Suddenly, into the center of the circle of white light staggered hooded, robed, drunken, and now four-foot-long-sword-waving ex-husband. And he said, "Where's Roger and Darla?"
"Hell, we don't know," we all murmured, and we all turned and looked toward where the maypole would have been standing if it had been standing, and, in the glow of the bonfire behind the house, we all saw the ghostly white figures of Weird Roger, Darla, and the skinny redhead dressed like Darla, all standing beside the pile of dirt beside the maypole pole hole and not moving at all, just standing there. The thought stuck me that somebody had changed their mind.
"Go get 'em," the sword waving ex-husband said to the battery-operated lantern packing nerd, and he did. As the nerd walked away, toward the ghostly trio, ex-husband thrust his sword into the ground beside the Coleman lantern. I could hear the lantern hiss, and I thought I could hear the sword go "swish swish swish" as it swayed back and forth, back and forth.
Now, toward the house, I could see the dim light of the nerd's lantern coming slowly toward us. The crowd parted, and the nerd walked up to the Coleman lantern and put his battery-operated lantern on the ground beside it. The skinny redhead dressed like Darla followed him very very slowly, and then, like placing an offering before the throne of a god, carefully placed the aluminum foil wrapped platter on the ground beside the Coleman lantern and stepped aside. Then, in their white canvas and silk glory, up stepped Weird Roger and Darla into the center of the white-lit and eerie wooded circle. They stopped a few feet from the two lanterns and the platter. Darla still clutched the naked statue between her breasts.
Ex-husband, the priest performing the ceremony, I then realized, drunkenly pulled his sword from the ground, pointed it at the gathered crowd, and ordered, "Form a circle."
We eased around the opening and formed a ragged circle. Using his sword as a pointer and as a very effective crowd control device, ex-husband-priest tightened the circle to his satisfaction. Then, slowly pivoting on his heels and with the sword held out, he turned and, one by one, looked us all in the eyes. Most of us, me for sure, looked not in his eyes but at the shiny point of the sword.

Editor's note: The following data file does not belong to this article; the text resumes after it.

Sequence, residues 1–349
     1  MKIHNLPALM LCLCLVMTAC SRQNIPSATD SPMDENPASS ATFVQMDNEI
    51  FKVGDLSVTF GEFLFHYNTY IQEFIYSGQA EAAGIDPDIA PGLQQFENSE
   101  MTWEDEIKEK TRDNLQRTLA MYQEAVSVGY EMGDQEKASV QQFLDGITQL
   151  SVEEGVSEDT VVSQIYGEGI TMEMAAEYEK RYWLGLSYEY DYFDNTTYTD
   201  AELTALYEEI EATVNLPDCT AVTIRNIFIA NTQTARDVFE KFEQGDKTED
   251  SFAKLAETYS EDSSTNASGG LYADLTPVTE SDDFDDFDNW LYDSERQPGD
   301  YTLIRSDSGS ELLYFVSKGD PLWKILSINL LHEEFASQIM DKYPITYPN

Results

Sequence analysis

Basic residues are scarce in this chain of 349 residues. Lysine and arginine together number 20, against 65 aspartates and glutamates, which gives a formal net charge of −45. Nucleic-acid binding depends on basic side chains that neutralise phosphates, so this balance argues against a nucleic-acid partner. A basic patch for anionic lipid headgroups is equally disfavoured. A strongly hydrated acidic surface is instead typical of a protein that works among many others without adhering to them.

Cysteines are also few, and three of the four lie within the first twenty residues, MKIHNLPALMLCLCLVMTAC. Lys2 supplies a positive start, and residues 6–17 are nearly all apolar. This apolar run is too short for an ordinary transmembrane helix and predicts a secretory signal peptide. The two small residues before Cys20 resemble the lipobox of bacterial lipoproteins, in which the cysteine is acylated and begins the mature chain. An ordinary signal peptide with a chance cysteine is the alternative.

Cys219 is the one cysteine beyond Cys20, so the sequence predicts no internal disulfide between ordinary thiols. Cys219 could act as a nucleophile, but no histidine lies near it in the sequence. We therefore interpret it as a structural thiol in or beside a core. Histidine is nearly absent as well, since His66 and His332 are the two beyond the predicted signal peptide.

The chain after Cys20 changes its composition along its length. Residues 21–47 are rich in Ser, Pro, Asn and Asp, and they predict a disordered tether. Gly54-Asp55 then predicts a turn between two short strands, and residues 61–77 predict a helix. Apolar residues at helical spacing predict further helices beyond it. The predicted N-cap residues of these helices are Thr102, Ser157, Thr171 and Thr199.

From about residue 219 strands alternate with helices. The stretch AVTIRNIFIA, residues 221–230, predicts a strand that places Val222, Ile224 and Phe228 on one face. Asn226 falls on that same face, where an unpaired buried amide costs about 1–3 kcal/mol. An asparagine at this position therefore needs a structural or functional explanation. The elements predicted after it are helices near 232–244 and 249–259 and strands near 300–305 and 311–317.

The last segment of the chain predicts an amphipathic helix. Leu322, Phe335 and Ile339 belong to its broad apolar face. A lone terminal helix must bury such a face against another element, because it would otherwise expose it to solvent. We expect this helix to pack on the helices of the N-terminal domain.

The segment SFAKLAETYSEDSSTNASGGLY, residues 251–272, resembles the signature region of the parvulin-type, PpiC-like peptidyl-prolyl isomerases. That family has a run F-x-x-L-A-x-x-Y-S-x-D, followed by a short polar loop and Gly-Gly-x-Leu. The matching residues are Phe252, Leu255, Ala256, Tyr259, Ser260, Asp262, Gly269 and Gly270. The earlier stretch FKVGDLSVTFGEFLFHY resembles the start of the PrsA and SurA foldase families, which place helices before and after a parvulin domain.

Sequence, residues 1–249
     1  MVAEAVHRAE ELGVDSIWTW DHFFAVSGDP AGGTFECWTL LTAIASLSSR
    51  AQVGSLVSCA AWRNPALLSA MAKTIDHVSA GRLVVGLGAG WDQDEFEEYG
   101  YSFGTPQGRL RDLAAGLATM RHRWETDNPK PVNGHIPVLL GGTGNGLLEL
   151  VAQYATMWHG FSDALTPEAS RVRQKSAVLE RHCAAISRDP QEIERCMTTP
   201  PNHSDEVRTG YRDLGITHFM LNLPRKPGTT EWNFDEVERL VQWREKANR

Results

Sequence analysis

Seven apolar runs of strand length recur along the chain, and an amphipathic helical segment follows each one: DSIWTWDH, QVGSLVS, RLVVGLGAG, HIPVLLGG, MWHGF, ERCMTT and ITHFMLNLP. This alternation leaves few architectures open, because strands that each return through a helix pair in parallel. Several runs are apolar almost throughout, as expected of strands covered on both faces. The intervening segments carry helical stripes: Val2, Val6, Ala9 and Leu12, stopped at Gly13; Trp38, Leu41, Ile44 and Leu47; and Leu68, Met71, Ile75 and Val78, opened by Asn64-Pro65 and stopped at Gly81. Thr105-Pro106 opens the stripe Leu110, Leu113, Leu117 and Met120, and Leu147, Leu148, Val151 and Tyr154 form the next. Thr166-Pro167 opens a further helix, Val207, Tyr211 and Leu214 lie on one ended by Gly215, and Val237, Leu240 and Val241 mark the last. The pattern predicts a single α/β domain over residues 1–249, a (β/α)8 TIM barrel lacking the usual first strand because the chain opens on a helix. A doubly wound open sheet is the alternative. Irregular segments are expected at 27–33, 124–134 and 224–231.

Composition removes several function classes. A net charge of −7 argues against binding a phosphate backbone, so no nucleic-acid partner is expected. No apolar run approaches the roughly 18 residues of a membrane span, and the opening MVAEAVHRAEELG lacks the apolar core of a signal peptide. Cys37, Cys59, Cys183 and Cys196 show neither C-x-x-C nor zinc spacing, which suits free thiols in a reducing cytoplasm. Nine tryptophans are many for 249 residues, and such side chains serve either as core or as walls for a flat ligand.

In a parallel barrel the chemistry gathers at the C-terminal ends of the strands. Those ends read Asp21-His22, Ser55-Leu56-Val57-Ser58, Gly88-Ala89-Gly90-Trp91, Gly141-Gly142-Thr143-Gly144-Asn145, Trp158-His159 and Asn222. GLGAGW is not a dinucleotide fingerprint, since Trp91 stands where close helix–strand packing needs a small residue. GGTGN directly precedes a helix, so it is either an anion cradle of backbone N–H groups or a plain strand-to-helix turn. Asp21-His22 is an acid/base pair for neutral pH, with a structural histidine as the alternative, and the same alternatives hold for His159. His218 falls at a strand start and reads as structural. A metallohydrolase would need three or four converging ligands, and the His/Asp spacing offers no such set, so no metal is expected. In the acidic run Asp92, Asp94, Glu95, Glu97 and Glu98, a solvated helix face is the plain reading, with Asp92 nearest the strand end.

He finally said, "In front of these witnesses we have gathered here to unite in holy matrimony Roger ____ and Darla ____. They have performed the ceremony required by the State of Louisiana, but they do not recognize the legality of that ceremony. Therefore, we have this ceremony, which they recognize." After a pause, during which he almost fell, he added, "This is a solemn occasion."
At that comment, a drunken redneck two witnesses to my left, and drinking Jim Beam straight from the bottle, loudly laughed. His laugh irritated me because the occasion seemed damned solemn to me. But the drunken interruption broke the hold the eerie setting had on my mind and gave me a moment to think: Was this ceremony really so unusual? Well, maybe all the knives and the swordplay was unusual, but, heck, the priests at Catholic weddings dressed in funny robes, and somebody once told me about a Catholic wedding with a drunken priest. And don't Catholics have a statue of a woman somewhere around the altar? Okay, I know, she's wearing clothes. And she doesn't have large breasts and erect nipples, but, what the heck--a statue of a woman is a statue of a woman.